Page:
###### (Meant for my Intro to Homological Algebra Summer Seminar Group at SJC)

Last time we met we discussed **groups**, where we can recall that

A group, , is a set with a binary operation which is associative, has an identity, and has inverse elements.

## Example:

We’re going to next consider how to take a group, and a subgroup, and form the quotient group . As an example, let’s use the group of integers under addition. Consider the subgroup , which contains elements like 12, 4, -100, etc, but not 3, 2, -99, etc. We will now define an **equivalence relation** on by saying that the elements and are *equivalent*, which we will denote by , if .

Let’s go through some examples of elements which are equivalent:

- and so . [Edited 6/13]
- and so .
- and so .

If we went through all possible combinations, we would see that there are exactly 4 **equivalence classes** of elements that we are **partitioning** into:

Just to absolutely clear, for each of these sets, if I take two elements in the same set, and I look at their difference, it will be a multiple of 4; if I take two elements each from different sets, their difference will not be a multiple of 4.

**Here’s where things get trippy:** we will *now* take the infinitely-large set, , and just treat it as four elements: , , , and . **Note**: a shortcut for knowing which set is which is by looking at the *remainders* of the elements, so 5 is in because when I divide it by 4, the remainder is 1. And -3 is in the [1] as well because when I consider: (-3) – (5)= – 8, I get an element in !

So now let’s add elements in our set, . Remember that each is a *subset* of integers. Suppose I took the number and added it to the element . Well 2+3 = 5, but there is no element ““, is there? Well if there was, what would it be? The set would be the set of integers which are **equivalent **to the number 5, under the rule “~” we used above. Well note that , and so it turns out that (by the *properties of an equivalence relation, *which we will have to go through carefully and formally). The point is… !!

## Example:

Let us do the same thing as we did above to partition the integers, except now if . Note that we now have 5 elements in our set, which the rest of the world refers to as . Note that I chose to use in place of ; there is a reason which you might come to realize but it isn’t super important.

While the integers only form a group under addition, you should explore this new set and see if it forms a group under addition or multiplication or both!? Either way the answer should be surprising and interesting.

## Example:

Finally, I would like to introduce a more geometric example. The previous examples ended up with a finite number of elements in our quotient, and everything was down to arithmetic. Consider *again* our lovely set of integers, , which are a group under addition. But now consider the subgroup of integer-spaced multiples of , each of which is a real number (whatever that means, amiright?). Anyway, I’m now going to consider the group , but what the heck is this group?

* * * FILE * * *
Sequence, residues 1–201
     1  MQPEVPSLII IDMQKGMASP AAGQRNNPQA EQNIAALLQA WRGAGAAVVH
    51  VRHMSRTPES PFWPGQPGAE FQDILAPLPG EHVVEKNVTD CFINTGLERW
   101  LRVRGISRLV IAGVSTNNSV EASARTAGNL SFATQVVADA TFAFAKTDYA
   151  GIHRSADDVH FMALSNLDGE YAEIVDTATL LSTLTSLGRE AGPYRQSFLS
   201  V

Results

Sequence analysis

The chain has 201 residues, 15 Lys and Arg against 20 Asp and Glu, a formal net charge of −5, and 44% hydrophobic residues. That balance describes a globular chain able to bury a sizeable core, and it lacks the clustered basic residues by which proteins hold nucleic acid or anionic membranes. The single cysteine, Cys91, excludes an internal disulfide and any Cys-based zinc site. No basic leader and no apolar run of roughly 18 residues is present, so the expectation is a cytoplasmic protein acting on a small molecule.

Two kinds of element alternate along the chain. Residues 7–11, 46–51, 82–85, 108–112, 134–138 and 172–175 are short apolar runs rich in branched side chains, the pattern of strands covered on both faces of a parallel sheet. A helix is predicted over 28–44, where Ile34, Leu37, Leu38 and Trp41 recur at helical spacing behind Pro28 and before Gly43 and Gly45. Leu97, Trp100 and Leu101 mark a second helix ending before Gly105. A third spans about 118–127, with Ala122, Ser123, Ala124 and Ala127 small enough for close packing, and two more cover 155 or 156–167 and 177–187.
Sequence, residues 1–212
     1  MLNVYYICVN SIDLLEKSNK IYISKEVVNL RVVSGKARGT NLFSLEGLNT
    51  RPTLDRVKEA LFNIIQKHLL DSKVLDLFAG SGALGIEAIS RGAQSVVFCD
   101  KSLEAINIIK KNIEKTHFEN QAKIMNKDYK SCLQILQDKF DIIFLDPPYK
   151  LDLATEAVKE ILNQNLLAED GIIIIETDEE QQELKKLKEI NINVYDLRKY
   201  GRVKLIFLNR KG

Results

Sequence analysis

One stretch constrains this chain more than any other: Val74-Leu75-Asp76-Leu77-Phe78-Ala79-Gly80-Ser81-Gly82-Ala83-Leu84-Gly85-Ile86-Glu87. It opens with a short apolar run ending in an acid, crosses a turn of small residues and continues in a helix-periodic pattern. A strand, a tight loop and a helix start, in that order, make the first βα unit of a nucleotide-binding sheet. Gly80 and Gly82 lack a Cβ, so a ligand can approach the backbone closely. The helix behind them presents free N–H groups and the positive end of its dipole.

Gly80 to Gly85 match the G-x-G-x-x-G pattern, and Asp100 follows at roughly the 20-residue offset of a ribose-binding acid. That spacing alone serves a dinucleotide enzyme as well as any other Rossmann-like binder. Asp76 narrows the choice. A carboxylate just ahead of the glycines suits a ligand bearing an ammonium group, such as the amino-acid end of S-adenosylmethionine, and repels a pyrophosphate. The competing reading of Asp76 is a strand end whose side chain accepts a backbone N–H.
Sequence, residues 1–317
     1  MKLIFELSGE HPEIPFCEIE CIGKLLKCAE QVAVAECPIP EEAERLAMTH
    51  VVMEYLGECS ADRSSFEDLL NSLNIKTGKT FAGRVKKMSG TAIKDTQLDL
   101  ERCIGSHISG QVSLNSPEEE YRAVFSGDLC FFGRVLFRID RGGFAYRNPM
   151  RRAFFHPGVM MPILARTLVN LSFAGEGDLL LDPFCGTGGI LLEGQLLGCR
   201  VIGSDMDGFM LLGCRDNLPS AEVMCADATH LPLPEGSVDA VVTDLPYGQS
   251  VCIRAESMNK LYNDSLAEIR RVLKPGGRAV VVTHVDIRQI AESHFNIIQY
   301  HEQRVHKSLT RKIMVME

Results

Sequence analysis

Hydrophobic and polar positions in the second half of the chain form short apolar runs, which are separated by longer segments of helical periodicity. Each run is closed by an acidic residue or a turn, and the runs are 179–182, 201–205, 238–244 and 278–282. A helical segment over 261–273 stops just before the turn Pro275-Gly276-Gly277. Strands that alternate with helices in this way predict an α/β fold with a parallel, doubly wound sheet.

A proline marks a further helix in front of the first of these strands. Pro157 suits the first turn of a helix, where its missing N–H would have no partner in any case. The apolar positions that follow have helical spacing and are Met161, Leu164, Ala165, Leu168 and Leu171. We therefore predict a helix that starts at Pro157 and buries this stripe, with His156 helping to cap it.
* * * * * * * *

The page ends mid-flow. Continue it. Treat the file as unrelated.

Well I chose because that is the circumference of the unit circle. So notice I have a function by sending which takes each real number and maps it on the unit circle. Which real numbers go to zero? The multiples of ! Which real numbers get sent to ? The real numbers where is any integer!

So we’ve taken the real line, and thought of any two numbers which are -apart as being ** glued** together, and if you try to draw this picture you should see a circle!

Well this picture isn’t really what I want you to see but I’m tired and it should be good enough to get your creative brain going!

## Food For Thought: Preparing for our next meeting

After having slowly read through this blog post, which could take hours, I encourage you to try and go back through our notes to see if any of the examples, propositions, exercises, etc, make any more sense than they did. Specifically, I want us to finish up this discussion on **quotients** in our next meeting and then continue on to some other ideas, which I will now appropriately *tease…*

Note that we started with the *additive *group of integers, and when modding out by , we actually get some nice multiplicative structure. What if a group had both an additive *and* a multiplicative structure, do quotients make sense for playing nicely with both of these structures simultaneously? The answer to this leads us to a study of **rings **(groups which also have some multiplicative structure; not necessarily inverses), and **modules** (groups which can be multiplied by external elements; like vectors can be multiplied by numbers).

Finally, in the last example I gave, the title for that example had some arrows connecting the integers, to the real numbers, and then to the circle, . Those arrows are actually functions which allow the group structures of each group to *communicate* with each other. This type of function is called a **homomorphism** and will be central to our study of *Homological Algebra*.

Thanks for the content, but I think you have a typo! Where you specify examples of which two elements are equivalent, your third example shows that 4 is clearly not equivalent to 5, but your first example shows that 4 is equivalent to 5…! I noticed it as soon as I realized that 5 is clearly not a multiple of 4, so maybe you meant to say that 4 ~ 4.

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Thanks, Josh! I’m fixing this now!

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